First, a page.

With the recent passing of Women’s Equality Day, I took the opportunity to speak with some incredible women on their motivation, inspiration, and how they feel about Women’s equality thus far.
Founder and CEO of Nursepreneurs, Catie Harris, gives great insight on what equality means to her, and how she supports other women.
What does equality mean to you?
When people talk about equality, there is an assumption that they mean leveling the playing field. However, I don’t think that is either possible or desirable. We all have unique experiences that are drastically different and valuable in their own rights. On one hand a person might have an advantage, such as a middle class upbringing, a happy family but have poor work ethic whereas in other areas a person may have suffered abuse or hardships, but have learned resilience. To me equality isn’t about averaging out those experiences, but leveraging them. If a job requires a certain skill set, then equality would search for the mix of life experience and expertise that would best serve in that situation. In the traditional sense of equality, people try to pick the right mix of race, ethnicity and gender. For me, equality is defined in what it’s not. It’s not choosing people based on personal characteristics, but rather looking past them.
For women, I think equality means being who you are, and being chosen for what you bring to the table rather than being chosen because you fit the “right mix” of personal characteristics.
Who are some women that inspire you?
The type of women who inspire me use all the attributes of being a woman. I see too many women who enter business and try hard to act just like men. But the truth is women lead differently and there is emerging research that shows that women led businesses are more successful. Women are more collaborative, work together and search for solutions where everyone wins. I work with women like this all the time. They may not be nationally known but they inspire me everyday.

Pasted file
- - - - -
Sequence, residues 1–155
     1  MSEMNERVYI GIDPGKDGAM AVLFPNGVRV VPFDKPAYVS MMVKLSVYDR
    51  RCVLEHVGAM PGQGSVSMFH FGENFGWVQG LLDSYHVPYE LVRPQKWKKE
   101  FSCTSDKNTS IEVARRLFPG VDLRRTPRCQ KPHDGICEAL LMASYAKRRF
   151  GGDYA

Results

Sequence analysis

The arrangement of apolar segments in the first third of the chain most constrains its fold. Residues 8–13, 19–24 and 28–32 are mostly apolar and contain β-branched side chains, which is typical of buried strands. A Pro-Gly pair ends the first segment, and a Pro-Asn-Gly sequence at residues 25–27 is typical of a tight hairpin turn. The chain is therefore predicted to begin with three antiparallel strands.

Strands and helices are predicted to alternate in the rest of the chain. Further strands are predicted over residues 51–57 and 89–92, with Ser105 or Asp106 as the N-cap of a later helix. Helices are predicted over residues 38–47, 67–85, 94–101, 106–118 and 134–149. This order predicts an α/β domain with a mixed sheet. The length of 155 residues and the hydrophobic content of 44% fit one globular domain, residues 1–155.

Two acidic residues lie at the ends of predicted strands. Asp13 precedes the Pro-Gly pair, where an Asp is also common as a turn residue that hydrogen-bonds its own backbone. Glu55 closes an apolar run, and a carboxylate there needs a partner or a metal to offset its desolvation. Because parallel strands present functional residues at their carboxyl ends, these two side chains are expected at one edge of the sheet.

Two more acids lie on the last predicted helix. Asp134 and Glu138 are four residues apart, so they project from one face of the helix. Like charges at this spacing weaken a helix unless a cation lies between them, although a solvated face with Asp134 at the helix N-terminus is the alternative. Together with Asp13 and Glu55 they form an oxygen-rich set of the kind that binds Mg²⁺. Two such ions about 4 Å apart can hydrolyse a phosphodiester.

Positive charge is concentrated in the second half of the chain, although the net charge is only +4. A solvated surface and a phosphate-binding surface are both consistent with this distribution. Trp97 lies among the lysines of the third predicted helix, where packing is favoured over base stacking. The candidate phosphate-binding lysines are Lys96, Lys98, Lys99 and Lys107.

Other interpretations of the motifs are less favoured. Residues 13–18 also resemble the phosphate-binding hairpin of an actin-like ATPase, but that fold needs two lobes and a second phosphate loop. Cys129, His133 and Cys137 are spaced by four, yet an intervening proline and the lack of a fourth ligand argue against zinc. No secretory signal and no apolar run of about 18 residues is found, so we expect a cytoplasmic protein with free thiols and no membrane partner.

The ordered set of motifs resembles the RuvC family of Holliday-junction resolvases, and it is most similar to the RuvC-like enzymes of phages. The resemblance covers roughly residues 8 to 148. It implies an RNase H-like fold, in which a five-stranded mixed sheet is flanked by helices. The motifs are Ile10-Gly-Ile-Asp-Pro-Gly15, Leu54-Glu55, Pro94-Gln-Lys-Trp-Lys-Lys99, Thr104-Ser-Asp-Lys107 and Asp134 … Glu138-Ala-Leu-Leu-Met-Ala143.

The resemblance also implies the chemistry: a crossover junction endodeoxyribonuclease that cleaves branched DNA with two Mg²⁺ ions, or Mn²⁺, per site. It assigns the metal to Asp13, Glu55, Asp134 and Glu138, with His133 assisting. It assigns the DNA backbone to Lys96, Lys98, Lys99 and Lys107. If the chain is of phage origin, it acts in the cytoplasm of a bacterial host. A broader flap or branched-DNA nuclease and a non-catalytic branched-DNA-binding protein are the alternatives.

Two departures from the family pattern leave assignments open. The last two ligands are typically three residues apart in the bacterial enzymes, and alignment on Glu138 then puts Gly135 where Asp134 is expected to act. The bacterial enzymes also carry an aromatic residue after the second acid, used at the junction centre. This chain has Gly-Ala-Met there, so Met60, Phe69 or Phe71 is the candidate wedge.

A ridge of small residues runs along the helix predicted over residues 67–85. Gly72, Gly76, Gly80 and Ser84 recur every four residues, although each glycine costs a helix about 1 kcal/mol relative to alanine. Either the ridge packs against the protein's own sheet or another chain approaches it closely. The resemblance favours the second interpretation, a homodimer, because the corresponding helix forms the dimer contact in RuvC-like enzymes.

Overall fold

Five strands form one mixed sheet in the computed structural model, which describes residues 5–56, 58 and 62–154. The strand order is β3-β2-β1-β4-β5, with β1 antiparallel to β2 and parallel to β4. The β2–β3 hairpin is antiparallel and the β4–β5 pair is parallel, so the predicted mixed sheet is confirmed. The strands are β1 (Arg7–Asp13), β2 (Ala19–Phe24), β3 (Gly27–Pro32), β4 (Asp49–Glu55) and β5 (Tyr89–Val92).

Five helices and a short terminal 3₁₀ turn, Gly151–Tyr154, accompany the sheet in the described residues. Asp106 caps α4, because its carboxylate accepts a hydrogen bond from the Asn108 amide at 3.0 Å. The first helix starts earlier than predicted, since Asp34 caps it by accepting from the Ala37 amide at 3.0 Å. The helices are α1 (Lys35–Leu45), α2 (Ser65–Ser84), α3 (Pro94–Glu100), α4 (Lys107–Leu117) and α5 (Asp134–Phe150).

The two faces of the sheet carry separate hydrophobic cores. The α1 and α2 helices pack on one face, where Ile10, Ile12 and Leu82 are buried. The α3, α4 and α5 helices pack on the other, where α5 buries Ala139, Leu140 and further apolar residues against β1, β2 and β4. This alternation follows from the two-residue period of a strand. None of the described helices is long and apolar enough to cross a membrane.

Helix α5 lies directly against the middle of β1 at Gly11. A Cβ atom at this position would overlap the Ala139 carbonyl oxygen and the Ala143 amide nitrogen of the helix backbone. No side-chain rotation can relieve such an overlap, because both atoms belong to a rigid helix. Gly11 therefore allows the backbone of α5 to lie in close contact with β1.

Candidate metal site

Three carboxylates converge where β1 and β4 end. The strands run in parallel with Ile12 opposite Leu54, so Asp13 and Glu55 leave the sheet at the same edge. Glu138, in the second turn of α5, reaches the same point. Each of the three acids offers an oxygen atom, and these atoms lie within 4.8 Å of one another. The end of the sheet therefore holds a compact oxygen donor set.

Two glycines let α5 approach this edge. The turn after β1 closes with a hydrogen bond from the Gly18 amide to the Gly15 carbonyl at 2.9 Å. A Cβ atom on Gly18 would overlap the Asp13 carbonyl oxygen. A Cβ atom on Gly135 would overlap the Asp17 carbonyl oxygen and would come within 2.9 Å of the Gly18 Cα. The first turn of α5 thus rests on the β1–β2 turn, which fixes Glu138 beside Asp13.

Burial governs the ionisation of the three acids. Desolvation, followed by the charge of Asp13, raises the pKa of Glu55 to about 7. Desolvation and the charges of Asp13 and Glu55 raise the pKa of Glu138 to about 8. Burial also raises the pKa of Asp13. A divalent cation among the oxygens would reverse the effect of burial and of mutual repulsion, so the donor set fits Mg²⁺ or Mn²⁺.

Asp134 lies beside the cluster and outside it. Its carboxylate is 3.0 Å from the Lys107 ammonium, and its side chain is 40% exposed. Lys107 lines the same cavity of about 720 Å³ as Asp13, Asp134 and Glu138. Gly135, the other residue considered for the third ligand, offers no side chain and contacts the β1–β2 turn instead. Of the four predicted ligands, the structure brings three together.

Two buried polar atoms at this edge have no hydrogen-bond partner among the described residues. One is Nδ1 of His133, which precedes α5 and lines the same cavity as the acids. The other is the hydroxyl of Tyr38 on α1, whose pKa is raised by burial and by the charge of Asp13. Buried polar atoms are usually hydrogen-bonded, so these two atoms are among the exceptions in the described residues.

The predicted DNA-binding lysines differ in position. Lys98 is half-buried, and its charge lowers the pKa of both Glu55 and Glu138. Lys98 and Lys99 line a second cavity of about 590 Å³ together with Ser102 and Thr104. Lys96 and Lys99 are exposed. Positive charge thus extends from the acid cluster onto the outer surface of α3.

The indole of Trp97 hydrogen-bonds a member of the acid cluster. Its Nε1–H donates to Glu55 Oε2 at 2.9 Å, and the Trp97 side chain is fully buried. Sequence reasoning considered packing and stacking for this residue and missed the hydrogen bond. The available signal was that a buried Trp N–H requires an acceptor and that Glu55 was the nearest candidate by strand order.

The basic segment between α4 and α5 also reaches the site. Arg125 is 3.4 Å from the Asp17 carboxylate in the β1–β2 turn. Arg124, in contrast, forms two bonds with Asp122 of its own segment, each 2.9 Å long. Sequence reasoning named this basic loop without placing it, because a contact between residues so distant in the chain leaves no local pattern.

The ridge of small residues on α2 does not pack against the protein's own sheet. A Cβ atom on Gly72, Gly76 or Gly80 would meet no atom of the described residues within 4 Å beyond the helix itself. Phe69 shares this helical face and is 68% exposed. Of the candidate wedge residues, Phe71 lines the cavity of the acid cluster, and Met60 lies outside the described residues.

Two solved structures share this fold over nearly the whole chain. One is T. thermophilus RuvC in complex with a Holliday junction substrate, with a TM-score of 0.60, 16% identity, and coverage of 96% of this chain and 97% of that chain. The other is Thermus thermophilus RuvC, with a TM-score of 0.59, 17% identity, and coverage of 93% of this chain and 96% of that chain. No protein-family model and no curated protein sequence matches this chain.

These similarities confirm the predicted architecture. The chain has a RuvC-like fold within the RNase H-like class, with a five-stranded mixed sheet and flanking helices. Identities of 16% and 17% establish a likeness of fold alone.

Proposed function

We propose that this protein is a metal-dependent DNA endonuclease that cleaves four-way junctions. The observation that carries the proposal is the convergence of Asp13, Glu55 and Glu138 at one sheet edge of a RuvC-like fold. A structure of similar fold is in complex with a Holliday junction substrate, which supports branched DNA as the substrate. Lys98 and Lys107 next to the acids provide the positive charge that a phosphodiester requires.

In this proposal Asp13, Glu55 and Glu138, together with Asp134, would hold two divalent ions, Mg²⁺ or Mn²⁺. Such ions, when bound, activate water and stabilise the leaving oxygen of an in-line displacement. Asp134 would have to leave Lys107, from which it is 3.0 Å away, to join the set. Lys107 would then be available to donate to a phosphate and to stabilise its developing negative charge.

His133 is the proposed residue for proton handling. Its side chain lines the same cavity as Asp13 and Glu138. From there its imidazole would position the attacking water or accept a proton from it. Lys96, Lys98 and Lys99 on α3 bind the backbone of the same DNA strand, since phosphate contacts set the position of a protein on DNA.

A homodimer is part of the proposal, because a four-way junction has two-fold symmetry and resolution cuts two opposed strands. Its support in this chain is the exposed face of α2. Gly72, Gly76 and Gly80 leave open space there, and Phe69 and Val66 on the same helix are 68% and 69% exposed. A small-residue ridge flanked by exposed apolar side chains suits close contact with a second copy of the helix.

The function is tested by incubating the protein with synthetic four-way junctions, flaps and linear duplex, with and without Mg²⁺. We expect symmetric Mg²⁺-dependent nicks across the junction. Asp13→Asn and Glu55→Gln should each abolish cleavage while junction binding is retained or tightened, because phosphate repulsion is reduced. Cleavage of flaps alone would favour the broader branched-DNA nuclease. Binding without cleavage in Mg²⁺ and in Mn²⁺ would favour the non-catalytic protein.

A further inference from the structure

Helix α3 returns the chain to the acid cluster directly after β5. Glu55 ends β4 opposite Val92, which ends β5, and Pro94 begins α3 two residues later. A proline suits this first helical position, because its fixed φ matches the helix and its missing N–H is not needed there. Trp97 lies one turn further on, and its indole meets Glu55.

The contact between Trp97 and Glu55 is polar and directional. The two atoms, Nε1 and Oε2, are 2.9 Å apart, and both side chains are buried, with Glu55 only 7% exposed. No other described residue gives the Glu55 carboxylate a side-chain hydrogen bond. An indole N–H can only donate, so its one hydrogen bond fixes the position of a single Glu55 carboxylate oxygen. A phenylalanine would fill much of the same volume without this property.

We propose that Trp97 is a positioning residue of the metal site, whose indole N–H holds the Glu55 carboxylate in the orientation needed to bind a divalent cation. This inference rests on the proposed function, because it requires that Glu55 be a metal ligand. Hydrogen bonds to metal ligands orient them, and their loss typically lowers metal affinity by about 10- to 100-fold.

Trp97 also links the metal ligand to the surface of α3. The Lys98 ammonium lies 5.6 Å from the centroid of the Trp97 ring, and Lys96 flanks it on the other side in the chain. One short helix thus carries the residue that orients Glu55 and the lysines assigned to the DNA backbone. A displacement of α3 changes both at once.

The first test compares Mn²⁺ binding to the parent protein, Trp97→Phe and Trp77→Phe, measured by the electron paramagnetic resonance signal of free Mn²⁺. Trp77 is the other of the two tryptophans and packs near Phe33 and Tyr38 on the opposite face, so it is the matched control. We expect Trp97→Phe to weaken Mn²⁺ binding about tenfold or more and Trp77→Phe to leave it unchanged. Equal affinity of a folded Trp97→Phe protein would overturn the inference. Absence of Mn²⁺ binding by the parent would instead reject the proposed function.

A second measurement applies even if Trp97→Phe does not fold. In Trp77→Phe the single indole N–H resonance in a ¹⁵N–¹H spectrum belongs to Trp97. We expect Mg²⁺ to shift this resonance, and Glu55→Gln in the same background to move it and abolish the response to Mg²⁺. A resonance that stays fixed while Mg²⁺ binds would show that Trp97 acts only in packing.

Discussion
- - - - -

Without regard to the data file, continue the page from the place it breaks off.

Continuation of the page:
What are some ways that women can show support to one another every day?
Women can support each other’s businesses, volunteer in mentorship programs that support women businesses and remind each other of the amazing masculine and feminine qualities that we have.
How did you celebrate Women’s Equality Day?
I celebrated with my mom and sister!
What do you love most about being a woman?
I love that as a woman I can have all the human experiences. I can be tough and hardcore, yet I can be nurturing, caring and vulnerable. In our society, men are expected to keep their feelings to themselves, and this is a huge problem for all of us. As women, we can express our feelings and work through our problems. I can’t imagine all the anger and frustration I would have pented up without being able to share it with my girl friends.
How do you spread girl power?
I think girl power is about sharing time with your girl friends, and being a “girl” friend to men as well. I work with nurses in business and 90% of my students are females, so just working with them on a daily basis and mentoring them through the process is one of my favorite ways to spread girl power.
What are some of your favorite woman-owned brands?
Of course, some of my favorite woman-owned brands come from my nurses.
Kimble Walters from Elite Concierge Nurses – elite nurses after surgery plus IV hydration
Gwen Jewell from Bedsore Rescue – award winning patent pending turning wedges that prevent pressure sores
Lolita Korneagay from Cansoom – cannabis consulting company
What does the future of women’s equality look like to you?
The future of women’s equality is women choosing to do what they want and not fulfilling roles “expected” of them. Hopefully one day we will look back on Women’s Equality Day and say “I can’t imagine living during a period in time when such a day was even necessary.”
What advice do you have for other female entrepreneurs?
My advice is to understand that many of us grew up with preconceived notions of what women can do. Have the courage to break through these preconceived notions and create something new for our own girls growing up. Starting a business can be scary, so find yourself a successful mentor, someone who has done what it is that you want to do and work with that person – male or female. Just stay true to your own self.